Today, a good bit more of this canvas has been filled in, owing to the work of some 1,500 scholars worldwide who are now part of a rapidly growing guild of law and religion study. Some 50 centers, institutes, and programs in law and religion have popped up on campuses around the globe — more than half in the United States, but with growing numbers in Europe, Africa, Latin America, Asia, and Australia, New Zealand and other nations of thePacific Rim. These groups are being further integrated by international and regional consortia for the study of law and religion and by dozens of periodicals and blogs on law and religion. Several leading presses — Ashgate, Brill, Cambridge, Eerdmans, Mohr Siebeck, Notre Dame, Orbis, Oxford, Routledge, Schöningh, Springer, and Vandenhoeck & Ruprecht — have each established new book series or collections on law and religion, and the body of law and religion scholarship in multiple world languages is growing briskly.
The interaction of law and Christianity continues to be a central theme of this burgeoning global law and religion literature, yielding a much more nuanced picture of Christian contributions to various areas of law historically and today. This volume on Christianity and Private Law (Routledge 2020) is a welcome and novel contribution to this literature. It again features the editorial leadership of Professor Cochran and his Nootbaar Institute of Law, Religion, and Ethics at Pepperdine. Joining him on the masthead is distinguished Catholic legal scholar, Michael P. Moreland, new director of the Eleanor H. McCullen Center for Law, Religion and Public Policy at Villanova. Included are 16 fresh chapters by several notable legal historians, including R.H. Helmholz and James Gordley, and a sturdy company of other legal scholars, including Angela Carmella and David Caudill, who were part of the earlier overview volume on Christian Perspectives on Legal Thought.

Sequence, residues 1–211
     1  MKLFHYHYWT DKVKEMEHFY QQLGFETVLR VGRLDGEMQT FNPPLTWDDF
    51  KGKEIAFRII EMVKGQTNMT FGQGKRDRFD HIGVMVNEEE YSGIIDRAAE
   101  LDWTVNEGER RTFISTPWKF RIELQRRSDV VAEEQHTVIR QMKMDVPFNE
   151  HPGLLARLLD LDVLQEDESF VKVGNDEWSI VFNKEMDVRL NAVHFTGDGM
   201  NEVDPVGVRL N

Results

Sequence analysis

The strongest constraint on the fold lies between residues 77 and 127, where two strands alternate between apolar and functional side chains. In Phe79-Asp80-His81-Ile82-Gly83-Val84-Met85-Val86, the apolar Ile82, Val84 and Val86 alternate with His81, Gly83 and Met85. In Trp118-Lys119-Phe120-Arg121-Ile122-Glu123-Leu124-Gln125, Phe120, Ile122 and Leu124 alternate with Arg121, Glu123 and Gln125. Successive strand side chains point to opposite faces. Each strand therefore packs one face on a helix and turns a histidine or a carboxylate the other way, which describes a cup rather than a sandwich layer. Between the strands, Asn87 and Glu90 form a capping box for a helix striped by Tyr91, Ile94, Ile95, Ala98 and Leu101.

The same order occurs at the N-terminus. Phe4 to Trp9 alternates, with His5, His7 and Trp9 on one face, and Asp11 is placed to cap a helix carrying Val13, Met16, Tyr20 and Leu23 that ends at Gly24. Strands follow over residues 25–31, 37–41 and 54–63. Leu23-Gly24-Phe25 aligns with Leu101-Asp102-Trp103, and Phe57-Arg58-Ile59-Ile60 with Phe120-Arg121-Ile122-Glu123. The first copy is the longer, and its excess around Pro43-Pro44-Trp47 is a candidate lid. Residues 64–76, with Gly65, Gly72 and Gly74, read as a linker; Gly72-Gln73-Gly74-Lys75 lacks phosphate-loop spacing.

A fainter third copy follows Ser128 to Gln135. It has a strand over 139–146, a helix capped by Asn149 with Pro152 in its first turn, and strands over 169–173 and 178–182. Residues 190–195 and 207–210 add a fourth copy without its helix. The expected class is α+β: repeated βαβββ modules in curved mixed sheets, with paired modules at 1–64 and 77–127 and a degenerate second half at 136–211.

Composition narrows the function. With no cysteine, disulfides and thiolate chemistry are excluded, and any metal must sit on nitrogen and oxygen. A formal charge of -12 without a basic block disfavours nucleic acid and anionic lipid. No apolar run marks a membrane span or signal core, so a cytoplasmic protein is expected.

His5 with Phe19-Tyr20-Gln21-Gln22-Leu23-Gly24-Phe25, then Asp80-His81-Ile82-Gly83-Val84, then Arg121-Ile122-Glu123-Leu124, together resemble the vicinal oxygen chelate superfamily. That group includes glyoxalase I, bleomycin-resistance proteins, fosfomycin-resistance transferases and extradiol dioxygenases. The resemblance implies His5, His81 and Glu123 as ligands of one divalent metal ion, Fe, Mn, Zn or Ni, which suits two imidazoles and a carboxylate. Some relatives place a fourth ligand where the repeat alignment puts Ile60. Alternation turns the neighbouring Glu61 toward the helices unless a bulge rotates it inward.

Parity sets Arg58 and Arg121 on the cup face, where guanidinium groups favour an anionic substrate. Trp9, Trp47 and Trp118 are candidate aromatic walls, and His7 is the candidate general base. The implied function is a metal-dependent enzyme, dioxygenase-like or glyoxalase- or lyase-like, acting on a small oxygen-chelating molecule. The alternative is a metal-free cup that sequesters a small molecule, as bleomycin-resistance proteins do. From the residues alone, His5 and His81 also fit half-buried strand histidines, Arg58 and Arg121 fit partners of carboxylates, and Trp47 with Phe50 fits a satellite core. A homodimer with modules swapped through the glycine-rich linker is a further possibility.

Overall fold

“Private law” is a common phrase for Europeans who readily divide the legal world into public, private, penal, and procedural law categories, building in part on ancient Roman law, medieval canon law, and modern civil law. “Private law” is a less common term for Anglo-American common lawyers. They are more familiar with several discrete legal subjects that Europeans gather under the canopy of private law – contracts, property, and torts at the center of the canopy, associational law, family law, testamentary law, civil procedure, remedies, and other topics nearer the periphery. In both civil law and common law lands, private law focuses on the voluntary and involuntary legal relationships between private parties, whether individuals or private groups. The laws of the state – sometimes the laws of other non-state associations, too – facilitate and support those private relationships, articulate and vindicate interests and expectations that emerge from them, and offer remedies for harms that result from misfeasance, nonfeasance, or breach of duty by another. The editors and several chapter authors do a fine job defining and defending “private law” as a category, and drawing interesting relationships between contracts, torts, and property which are the main subjects treated in these pages.